2006-04-03
Technical Paper
2006-01-0366
Nikhil Bhat, Hong Tae Kang, Vivek Bhise
This paper presents a design and development approach for automotive bucket seat frame using a parametric modeling and a finite element analysis methodology. This approach is expected to help build a lightweight seat structure quickly and efficiently. This approach is general, and it can be applied in designing and developing any mechanical structural component. The design process involves, first parametric modeling of the front bucket seat frame using Pro E. This CAD model was then optimized using optimization software called Optistruct, for two cases of load case and boundary condition. The optimized design was then tested for FMVSS seat requirements using LS-DYNA. The dynamic nature of the design approach helps in changing design parameters during different stages of the design process, until the seat structure satisfies the design criteria and the strength requirements. The construction and testing of this design and the design model are still under progress.
2006-04-03
Technical Paper
2006-01-0353
C. H. Cheng, L. C. Chan, C. P. Lai, C. L. Chow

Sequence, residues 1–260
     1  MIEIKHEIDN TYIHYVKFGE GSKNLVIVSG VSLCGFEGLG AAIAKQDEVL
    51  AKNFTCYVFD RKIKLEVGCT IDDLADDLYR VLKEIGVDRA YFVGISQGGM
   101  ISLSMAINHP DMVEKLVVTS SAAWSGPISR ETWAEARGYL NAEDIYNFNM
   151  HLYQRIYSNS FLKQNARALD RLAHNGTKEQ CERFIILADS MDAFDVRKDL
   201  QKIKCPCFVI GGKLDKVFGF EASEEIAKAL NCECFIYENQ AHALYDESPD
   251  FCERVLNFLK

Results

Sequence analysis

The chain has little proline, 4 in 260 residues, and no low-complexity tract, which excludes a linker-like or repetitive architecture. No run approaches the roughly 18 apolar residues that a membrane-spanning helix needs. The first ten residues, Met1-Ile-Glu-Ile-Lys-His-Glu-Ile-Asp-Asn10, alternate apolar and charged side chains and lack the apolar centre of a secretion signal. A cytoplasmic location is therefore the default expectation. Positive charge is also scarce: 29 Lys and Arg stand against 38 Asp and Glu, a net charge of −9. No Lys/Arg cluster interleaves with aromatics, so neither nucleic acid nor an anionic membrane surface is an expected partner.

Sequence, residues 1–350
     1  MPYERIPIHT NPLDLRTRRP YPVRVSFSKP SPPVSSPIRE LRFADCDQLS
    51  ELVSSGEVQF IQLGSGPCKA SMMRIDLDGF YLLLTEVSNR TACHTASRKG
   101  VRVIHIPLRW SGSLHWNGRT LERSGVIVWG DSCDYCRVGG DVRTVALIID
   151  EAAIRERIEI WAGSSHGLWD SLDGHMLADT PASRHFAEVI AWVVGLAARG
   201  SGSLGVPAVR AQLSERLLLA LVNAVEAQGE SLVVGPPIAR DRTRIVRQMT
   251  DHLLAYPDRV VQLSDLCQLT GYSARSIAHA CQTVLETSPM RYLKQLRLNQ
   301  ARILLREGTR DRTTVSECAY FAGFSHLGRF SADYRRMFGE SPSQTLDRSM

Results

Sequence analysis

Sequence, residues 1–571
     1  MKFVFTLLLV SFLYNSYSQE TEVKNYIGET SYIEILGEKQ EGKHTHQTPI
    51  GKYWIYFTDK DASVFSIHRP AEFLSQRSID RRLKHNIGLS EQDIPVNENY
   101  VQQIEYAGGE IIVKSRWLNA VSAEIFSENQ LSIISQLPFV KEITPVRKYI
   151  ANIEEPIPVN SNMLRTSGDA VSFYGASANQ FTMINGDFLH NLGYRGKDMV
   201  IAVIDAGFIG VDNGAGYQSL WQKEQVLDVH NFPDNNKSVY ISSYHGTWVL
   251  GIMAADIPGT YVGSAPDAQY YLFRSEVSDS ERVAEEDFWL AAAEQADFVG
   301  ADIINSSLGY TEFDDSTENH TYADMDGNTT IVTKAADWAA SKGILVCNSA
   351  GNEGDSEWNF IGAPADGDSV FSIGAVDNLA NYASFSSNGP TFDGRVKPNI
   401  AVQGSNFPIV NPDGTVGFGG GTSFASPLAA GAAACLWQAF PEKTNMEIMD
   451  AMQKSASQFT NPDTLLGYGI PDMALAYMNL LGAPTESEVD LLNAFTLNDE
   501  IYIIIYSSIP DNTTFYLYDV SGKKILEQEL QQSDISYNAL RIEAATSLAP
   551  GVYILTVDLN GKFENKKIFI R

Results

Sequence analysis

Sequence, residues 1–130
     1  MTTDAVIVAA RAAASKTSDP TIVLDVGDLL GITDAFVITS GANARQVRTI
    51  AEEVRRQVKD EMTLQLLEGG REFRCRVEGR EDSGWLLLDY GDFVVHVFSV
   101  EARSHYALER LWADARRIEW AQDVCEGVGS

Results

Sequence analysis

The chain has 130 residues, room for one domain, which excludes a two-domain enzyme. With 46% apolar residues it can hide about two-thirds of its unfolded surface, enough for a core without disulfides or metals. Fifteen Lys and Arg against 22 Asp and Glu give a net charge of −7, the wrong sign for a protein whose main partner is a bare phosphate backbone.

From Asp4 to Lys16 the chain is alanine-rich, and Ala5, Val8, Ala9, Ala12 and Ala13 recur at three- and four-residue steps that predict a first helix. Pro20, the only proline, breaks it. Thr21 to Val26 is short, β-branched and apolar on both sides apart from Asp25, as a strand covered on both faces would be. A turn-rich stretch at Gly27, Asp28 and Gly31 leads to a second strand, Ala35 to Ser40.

In this paper, the formability of Ti-TWBs at different elevated temperatures is experimentally investigated. Ti-TWBs made of Ti-6Al-4V sheets with thicknesses of 0.7mm and 1.0mm are manufactured. Then, the tensile test and forming test at elevated temperatures, ranging from room temperature to 600°C, have been carried out to determine the mechanical properties and the formability of the prepared Ti-TWBs respectively. The effects of elevated temperatures on both the forming and failure behaviors of the Ti-TWBs are examined by comparing with that of the Ti-6Al-4V base metal. It is found that the formability of the Ti-TWBs at room temperature with a dissimilar thickness combination is lower than that of their base metal, whilst the formability of both the Ti-TWBs and their base metal increases with increasing forming temperature. In addition, failures have often been found at the thinner base metal during the Ti-TWB forming, provided that the quality weld is attained without defect.
2014-05-09
Journal Article
2014-01-9125
Byeong wook Jeon, Sang-Hwan Kim
This study was conducted to develop and validate a multidimensional measure of shift quality as perceived by drivers during kick-down shift events for automatic transmission vehicles. As part of the first study, a survey was conducted among common drivers to identify primary factors used to describe subjective gear-shifting qualities. A factor analysis on the survey data revealed four semantic subdimensions. These subdimensions include responsiveness, smoothness, unperceivable, and strength. Based on the four descriptive terms, a measure with semantic scales on each subdimension was developed and used in an experiment as the second study. Twelve participants drove and evaluated five vehicles with different gear shifting patterns. Participants were asked to make kick-down events with two different driving intentions (mild vs. sporty) across three different speeds on actual roadway (local streets and highway).